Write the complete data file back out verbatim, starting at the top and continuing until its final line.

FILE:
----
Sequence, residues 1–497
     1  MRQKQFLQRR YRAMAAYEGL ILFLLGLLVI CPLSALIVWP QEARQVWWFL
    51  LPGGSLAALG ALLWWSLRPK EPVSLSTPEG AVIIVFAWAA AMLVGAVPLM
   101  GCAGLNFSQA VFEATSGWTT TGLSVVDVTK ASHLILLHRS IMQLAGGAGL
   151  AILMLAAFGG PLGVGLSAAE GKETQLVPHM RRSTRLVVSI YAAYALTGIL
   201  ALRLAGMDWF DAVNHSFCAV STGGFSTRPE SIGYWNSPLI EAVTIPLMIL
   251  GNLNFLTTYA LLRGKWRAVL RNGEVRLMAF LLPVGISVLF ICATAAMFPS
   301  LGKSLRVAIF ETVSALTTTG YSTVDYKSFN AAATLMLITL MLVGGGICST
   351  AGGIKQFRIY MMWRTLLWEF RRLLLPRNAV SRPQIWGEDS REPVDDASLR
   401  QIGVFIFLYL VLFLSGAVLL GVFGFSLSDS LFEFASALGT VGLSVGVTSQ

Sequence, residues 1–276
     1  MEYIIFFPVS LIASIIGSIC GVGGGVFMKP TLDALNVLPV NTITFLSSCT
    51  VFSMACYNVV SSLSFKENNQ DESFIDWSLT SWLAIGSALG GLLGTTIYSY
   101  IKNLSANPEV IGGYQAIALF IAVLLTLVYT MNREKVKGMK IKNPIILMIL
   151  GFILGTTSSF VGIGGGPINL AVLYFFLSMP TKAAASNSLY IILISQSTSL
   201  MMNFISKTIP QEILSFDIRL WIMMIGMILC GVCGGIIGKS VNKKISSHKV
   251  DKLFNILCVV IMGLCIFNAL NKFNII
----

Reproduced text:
Sequence, residues 1–497
     1  MRQKQFLQRR YRAMAAYEGL ILFLLGLLVI CPLSALIVWP QEARQVWWFL
    51  LPGGSLAALG ALLWWSLRPK EPVSLSTPEG AVIIVFAWAA AMLVGAVPLM
   101  GCAGLNFSQA VFEATSGWTT TGLSVVDVTK ASHLILLHRS IMQLAGGAGL
   151  AILMLAAFGG PLGVGLSAAE GKETQLVPHM RRSTRLVVSI YAAYALTGIL
   201  ALRLAGMDWF DAVNHSFCAV STGGFSTRPE SIGYWNSPLI EAVTIPLMIL
   251  GNLNFLTTYA LLRGKWRAVL RNGEVRLMAF LLPVGISVLF ICATAAMFPS
   301  LGKSLRVAIF ETVSALTTTG YSTVDYKSFN AAATLMLITL MLVGGGICST
   351  AGGIKQFRIY MMWRTLLWEF RRLLLPRNAV SRPQIWGEDS REPVDDASLR
   401  QIGVFIFLYL VLFLSGAVLL GVFGFSLSDS LFEFASALGT VGLSVGVTSQ

Sequence, residues 1–276
     1  MEYIIFFPVS LIASIIGSIC GVGGGVFMKP TLDALNVLPV NTITFLSSCT
    51  VFSMACYNVV SSLSFKENNQ DESFIDWSLT SWLAIGSALG GLLGTTIYSY
   101  IKNLSANPEV IGGYQAIALF IAVLLTLVYT MNREKVKGMK IKNPIILMIL
   151  GFILGTTSSF VGIGGGPINL AVLYFFLSMP TKAAASNSLY IILISQSTSL
   201  MMNFISKTIP QEILSFDIRL WIMMIGMILC GVCGGIIGKS VNKKISSHKV
   251  DKLFNILCVV IMGLCIFNAL NKFNII